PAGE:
And as far as Roll Call ’10 info, aside from the work previously announced, Brian Bullion’s submission looks like it will be an Incubus style track, and ADM is submitting a rap beat (yes, a rap beat!) for use in the compilation.  People are leaving their comfort zones to mix stuff up.  Let’s see how this all goes down!

More to come, as always!  Keep it locked.

-mnshyn

One More Recording To Go and Phase 3 is Finished!

Thursday, January 21st, 2010

All the tracks on the album are done.  All I’m waiting for is Destiny Soprano to re-record her part on “Bomb Squad” and it’s a wrap!  She’s coming by tomorrow to record her part, and as soon as the mixing is over, it’s being sent over to TuneCore and it’ll be on its way to iTunes.  March 1, 2010 is the tentative release date, as it usually takes 4-6 weeks for iTunes to have stuff up via TuneCore.

I released “Phase 2 – Lyrics to an Identity” almost 5 years ago.  It took 5 years to make this album, and it’s gone through so many iterations and name changes that at one point, during a low point in my life, I didn’t think the album was going to come out.  I have to thank God for that one (and everything else), because ever since I started playing in the church band every Sunday and cleaning up some of the stuff in my life that needed cleaning, I became revitalized and re-inspired.  I’m not exactly making Christian music right now totally, though I have made Christian songs in the past, but He’s blessed me anyway with inspiration, wisdom, and freedom of creativity.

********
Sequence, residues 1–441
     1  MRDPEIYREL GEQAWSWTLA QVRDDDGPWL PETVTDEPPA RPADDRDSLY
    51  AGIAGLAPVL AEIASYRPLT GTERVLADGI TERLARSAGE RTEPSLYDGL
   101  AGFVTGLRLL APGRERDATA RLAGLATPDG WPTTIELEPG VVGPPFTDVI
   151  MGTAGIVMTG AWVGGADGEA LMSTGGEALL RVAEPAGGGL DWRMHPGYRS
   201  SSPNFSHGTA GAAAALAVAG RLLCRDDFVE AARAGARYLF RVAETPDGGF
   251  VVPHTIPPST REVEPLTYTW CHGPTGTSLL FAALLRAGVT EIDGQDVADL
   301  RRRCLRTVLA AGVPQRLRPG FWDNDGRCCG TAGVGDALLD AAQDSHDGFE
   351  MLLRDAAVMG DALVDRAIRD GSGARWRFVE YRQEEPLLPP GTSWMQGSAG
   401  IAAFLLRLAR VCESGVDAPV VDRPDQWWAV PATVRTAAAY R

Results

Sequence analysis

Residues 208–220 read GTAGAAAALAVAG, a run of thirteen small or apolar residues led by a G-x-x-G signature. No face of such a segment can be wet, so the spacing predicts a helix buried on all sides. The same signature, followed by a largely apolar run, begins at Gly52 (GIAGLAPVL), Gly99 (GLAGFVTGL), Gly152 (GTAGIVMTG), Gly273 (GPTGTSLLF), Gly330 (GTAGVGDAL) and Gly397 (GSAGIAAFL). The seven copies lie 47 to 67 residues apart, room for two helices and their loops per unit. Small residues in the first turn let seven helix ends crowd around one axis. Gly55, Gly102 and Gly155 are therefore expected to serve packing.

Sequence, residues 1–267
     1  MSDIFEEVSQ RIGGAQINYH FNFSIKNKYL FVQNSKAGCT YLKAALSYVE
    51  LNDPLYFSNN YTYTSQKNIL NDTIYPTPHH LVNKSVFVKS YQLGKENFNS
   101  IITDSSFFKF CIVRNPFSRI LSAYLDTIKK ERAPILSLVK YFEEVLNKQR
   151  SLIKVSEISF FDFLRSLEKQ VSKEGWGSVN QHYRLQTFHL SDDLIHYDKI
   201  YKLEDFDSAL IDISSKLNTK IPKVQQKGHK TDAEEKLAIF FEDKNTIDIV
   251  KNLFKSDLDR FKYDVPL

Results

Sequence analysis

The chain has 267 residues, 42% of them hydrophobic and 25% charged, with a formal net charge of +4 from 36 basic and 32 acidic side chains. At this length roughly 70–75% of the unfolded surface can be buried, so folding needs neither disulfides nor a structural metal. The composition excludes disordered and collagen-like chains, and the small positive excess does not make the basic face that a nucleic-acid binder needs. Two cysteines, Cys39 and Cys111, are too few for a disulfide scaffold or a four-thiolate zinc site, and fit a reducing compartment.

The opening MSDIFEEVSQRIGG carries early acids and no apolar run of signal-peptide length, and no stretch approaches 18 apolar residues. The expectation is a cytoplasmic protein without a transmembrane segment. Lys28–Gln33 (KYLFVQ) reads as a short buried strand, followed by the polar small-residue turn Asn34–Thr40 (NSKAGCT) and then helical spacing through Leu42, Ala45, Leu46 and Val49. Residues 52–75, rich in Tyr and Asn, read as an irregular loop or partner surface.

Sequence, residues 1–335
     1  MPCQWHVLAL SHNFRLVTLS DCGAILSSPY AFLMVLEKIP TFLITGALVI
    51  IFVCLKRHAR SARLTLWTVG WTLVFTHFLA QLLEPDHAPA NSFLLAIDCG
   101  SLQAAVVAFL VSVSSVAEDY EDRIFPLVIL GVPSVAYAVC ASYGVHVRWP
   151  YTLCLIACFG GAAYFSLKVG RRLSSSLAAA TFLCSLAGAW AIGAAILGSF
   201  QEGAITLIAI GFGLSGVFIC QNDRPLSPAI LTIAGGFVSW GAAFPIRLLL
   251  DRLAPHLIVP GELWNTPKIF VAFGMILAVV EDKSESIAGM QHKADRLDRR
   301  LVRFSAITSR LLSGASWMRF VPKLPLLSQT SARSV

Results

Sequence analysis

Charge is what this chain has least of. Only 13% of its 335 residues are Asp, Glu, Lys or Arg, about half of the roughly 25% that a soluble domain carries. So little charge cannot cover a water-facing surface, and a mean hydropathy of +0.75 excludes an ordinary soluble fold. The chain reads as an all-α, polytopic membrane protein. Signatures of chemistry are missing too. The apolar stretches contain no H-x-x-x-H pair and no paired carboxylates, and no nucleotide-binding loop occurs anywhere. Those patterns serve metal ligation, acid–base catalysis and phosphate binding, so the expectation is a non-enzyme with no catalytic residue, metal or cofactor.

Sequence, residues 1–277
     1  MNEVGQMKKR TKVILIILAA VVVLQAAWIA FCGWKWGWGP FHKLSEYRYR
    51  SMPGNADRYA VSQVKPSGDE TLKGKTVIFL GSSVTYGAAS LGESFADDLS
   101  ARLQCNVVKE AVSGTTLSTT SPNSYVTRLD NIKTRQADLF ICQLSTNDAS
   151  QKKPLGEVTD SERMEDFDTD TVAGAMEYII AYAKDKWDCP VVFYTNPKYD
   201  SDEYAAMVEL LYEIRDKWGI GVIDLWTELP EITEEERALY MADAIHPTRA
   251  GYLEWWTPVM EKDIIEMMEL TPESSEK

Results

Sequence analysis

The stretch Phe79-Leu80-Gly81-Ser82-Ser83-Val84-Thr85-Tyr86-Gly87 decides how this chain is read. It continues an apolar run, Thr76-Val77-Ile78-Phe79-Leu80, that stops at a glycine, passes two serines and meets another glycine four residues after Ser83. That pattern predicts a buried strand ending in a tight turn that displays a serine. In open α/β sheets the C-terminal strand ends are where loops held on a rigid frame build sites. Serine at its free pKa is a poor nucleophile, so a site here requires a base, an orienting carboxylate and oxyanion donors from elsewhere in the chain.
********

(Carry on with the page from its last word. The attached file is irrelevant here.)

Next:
The acronym in the title of the album, “Phase 3 – L.Y.R.I.C.A.L. Without Fear,” stands for Leave Your Regrets In Christ And Live.  This is the basically the approach I took with the album as time went on.  The songs that were going to originally be part of the album were all pretty standard, and although I love every song I make, it was the songs that were different from what I’m used to doing that were the most enjoyable to make.  There were three guitar solos (“Mostly Boast,” “Found Me,” “The Bomb Squad”), a video game sample (“Call to Arms” from Final Fantasy VI), a symphony orchestra (courtesy of Project SAM Symphobia, on “Round and Round”), capoeira rhythm (“Roll Your Windows”), blaring choirs with my “Bleeding Heaven” technique (on “Devastator,” more on the “Bleeding Heaven” technique later),  multi-layer samples (“Roll Your Windows”), Beatles style build up and scream (“Mostly Boast”), live drums, bass and piano recordings (“Live Hip-Hop,” available on the iTunes version of the album) and other things.  Although some signatures of mine are there, this album sounds distinctly different from my past two, and I think it’s for the better.